The Idea of a University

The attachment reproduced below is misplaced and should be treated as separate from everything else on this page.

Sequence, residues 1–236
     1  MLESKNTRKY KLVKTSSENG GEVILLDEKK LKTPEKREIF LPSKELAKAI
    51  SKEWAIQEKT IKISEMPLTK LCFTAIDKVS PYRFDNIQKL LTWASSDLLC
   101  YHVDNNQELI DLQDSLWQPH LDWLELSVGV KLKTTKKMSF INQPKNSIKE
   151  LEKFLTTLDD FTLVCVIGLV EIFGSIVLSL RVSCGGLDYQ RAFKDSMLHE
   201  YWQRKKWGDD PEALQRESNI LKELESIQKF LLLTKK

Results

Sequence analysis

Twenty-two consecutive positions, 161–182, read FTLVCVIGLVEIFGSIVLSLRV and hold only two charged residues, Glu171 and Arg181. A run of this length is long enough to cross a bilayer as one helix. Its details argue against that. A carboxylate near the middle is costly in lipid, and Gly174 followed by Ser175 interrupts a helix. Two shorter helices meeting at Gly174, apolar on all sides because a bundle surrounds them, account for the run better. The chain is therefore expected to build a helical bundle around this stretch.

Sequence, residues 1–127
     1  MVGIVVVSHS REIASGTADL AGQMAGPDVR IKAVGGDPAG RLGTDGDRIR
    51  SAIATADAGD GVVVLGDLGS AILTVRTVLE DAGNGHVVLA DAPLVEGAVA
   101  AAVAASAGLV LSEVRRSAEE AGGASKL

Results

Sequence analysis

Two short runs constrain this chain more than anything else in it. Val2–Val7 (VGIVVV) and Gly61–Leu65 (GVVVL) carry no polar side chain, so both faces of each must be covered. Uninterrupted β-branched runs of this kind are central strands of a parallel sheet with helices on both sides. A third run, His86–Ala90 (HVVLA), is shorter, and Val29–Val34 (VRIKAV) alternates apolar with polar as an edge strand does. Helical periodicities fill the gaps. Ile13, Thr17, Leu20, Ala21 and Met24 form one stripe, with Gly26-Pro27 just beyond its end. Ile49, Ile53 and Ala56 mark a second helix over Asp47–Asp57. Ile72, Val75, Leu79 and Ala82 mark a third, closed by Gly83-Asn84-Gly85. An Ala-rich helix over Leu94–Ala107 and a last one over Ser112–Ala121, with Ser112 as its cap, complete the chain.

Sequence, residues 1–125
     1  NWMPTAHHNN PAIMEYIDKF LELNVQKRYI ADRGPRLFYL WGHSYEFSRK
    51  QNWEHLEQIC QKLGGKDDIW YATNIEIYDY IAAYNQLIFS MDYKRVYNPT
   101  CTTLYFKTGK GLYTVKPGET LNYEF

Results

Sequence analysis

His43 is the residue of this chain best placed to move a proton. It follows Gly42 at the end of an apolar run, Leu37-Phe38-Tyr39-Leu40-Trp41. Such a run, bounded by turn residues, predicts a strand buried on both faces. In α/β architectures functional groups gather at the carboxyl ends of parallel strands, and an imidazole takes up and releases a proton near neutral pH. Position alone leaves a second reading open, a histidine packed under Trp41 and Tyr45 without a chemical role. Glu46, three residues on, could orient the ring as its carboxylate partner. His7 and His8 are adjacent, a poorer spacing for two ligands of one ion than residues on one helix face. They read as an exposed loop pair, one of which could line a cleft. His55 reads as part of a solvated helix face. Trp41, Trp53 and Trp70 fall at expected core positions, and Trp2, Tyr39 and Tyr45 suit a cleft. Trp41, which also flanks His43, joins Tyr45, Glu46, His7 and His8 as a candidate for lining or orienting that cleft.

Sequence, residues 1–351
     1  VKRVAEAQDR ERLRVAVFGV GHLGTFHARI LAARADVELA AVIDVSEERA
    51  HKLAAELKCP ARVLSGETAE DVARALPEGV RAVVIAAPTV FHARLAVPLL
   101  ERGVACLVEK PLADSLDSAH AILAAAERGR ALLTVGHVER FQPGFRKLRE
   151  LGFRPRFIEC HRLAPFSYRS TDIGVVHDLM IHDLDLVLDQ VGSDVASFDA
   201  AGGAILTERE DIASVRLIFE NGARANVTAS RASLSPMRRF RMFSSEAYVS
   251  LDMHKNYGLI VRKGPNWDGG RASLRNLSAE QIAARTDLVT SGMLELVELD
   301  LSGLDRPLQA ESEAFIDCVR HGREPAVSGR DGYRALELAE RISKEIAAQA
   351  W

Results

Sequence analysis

at home quite as well.” It is quite true, they can read their book at home, and it is difficult what to rejoin, and it is a problem, which has employed before now the more thoughtful of their communion, to make out what is got by going to public service. The prayers are from a printed book, the sermon is from a manuscript. The printed prayers they have already; and, as to the manuscript sermon, why should it be in any respects better than the volume of sermons which they have at home? Why should not an approved author be as good as one who has not yet submitted himself to criticism? And again, if it is to be read in the church, why may not one person read it quite as well as another? Good advice is good advice, all the world over. There is something more, then, than composition in a sermon; there is something personal in preaching; people are drawn and moved, not simply by what is said, but by how it is said, and who says it. The same things said by one man are

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